Better Reporting through the Data Warehouse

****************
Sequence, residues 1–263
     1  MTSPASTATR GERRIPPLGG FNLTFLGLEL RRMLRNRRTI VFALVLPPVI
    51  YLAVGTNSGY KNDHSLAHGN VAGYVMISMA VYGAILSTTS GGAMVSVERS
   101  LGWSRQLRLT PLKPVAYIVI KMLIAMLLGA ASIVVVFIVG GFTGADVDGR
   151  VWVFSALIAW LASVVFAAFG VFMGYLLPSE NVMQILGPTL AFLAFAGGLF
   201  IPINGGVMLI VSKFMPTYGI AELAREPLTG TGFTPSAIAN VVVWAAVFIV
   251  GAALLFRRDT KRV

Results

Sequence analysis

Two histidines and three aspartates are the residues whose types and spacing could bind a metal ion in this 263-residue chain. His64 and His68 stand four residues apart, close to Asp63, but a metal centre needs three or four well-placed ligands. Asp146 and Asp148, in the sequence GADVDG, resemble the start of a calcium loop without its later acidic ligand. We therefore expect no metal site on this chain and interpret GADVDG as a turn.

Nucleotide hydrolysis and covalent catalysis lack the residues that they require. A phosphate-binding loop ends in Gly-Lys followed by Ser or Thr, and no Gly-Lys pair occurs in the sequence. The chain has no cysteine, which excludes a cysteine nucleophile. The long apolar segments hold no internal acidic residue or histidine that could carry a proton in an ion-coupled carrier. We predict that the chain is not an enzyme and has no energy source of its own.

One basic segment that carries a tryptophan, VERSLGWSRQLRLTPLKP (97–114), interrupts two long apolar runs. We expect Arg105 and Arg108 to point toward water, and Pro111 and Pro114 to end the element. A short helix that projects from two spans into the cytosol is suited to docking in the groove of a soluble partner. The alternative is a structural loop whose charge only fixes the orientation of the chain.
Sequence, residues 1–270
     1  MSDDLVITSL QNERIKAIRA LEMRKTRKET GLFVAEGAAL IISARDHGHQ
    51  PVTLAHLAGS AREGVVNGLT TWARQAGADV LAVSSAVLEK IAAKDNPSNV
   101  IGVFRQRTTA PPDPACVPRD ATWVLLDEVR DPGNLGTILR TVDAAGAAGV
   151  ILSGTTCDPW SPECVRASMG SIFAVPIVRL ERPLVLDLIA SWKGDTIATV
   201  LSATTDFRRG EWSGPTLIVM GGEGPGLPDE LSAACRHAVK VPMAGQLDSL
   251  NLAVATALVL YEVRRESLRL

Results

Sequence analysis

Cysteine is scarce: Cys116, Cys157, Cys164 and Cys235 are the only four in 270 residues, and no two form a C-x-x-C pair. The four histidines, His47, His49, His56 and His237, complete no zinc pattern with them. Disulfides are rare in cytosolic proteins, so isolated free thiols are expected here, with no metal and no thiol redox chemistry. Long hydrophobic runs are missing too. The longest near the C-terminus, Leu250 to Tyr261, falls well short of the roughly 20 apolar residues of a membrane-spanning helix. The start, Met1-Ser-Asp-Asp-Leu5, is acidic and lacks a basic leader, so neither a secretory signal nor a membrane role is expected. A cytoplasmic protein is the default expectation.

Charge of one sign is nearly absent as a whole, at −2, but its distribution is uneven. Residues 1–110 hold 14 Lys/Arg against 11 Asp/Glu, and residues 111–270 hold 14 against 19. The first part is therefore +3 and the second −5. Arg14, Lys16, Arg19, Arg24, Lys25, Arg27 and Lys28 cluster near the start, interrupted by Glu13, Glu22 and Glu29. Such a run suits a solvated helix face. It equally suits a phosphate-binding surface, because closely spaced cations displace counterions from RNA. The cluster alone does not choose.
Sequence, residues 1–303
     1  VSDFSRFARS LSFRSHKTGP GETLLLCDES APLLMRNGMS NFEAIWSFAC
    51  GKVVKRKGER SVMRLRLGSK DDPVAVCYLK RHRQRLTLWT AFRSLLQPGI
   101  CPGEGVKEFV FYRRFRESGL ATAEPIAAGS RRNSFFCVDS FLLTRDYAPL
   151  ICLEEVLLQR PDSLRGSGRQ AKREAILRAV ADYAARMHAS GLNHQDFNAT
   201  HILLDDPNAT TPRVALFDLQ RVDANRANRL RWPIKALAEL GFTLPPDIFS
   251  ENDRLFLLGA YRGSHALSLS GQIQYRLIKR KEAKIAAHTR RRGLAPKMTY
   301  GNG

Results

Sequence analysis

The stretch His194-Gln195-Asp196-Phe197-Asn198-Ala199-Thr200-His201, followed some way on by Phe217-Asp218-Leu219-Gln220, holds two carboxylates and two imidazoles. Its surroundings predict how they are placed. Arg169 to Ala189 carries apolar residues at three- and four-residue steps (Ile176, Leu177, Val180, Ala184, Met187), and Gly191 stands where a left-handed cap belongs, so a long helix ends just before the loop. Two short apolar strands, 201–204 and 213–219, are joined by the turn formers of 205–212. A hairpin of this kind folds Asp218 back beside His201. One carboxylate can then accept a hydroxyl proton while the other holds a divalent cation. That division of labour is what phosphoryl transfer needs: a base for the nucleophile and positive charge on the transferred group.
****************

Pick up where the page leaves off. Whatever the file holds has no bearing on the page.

Another area of support of the academic function is the transition to a new so-called “data warehouse”. Wikipedia defines a “data warehouse” as “a repository of an organization's electronically stored data… designed to facilitate reporting and analysis.” The general idea is to get data, reporting, and analysis tools into the hands of the department chairs, faculty, and staff who need those data for their daily work, rather than locking the data up within CMS and other systems. We have already begun to develop pre-planned reports for use in areas such as student enrollment planning, based on data from both CMS and non-CMS systems. Data available from CMS in the data warehouse includes information regarding transfer credits and advising. Information from non-CMS systems includes special information used by Financial Aid, class scheduling information, and information on student housing from the new online housing system. The Data Warehouse team has been working with reporting groups such as the Advising Implementation Policy Team (AIPT) and key users from the Faculty, Student Affairs, Academic Affairs, and Finance groups to identify additional needs and to develop additional reports. We expect that the delivery of additional reports from the Data Warehouse will be a near constant activity for the foreseeable future. We also plan to leverage the data warehouse to provide better access to administrative data. In March 2009, coupled with the Finance 9.0 upgrade, all financial reporting will be moved from the slow and cumbersome nVision tool to the much speedier and more effective Data Warehouse.